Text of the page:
At the end of every class we put our palms together in Sitting Prayer asana (hands level with our heart chakras, thumbs together and pointing toward the chest) and we bow to the divine in our instructor as he or she bows to the divine in us. There is something about the namaste that is so pure and good and grateful that it feels like a moment of sacred bliss. After that, you can roll up your mat, put on your shoes, and walk out into the world with the full knowledge that a). there is a divine plan, b). that you’re part of it, and c)…as a great poet once sang, “every little thing is going to be alright”.

 

 

Everyday Musings

Wake Up!

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I learned two really interesting things recently.

One: the earth’s water is part of the biosphere, which means not a drop escapes, nor has a single drop of water been added since the dawn of time.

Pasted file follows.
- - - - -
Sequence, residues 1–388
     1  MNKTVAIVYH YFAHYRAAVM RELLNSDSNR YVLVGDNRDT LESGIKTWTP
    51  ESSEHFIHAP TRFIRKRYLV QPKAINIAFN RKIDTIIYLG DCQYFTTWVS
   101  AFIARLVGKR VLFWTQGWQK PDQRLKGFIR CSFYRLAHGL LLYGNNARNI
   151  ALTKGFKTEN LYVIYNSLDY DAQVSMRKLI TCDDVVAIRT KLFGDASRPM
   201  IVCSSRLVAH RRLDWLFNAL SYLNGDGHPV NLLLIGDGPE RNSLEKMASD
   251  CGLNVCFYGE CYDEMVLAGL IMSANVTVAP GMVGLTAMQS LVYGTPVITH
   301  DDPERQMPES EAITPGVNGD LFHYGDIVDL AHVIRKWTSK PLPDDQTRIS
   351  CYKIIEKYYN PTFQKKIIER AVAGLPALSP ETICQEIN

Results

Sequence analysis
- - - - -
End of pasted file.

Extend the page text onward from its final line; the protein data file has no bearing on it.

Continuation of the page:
So basically, your tears were once part of the ocean, part of the blood running through the veins of dinosaurs, and part of the dew on the grass where kings have walked.

The water you drink was once part of the Amazon River…it ran in gutters in Medieval Paris and it passed through the bodies of the Pharaohs.

This is a fact. Check it out. Science is fun.

Here’s fact number two: By 2025, two-thirds of the world’s population will be in water crisis. Water use has been growing at more than the rate twice of population increase in the last century. By 2025, 1.8 Billion people will be living in countries or regions with ABSOLUTE water scarcity. Where will those people go?

2025. That’s only eight years from now.

Wake up humans! Wake up!

My Closet

Velvet Above Ground

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Ok…so…velvet.

My latest obsession. So much so that I just acquired this jacket today (from Anthropologie).

Also, before I left town, I went rummaging through my storage for my winter clothes that I hadn’t unpacked since my first Oklahoma winter a decade ago (I was 5 sizes smaller back then) and found a bunch of velvet stuff…some things dating back to the 90s and early 2000s.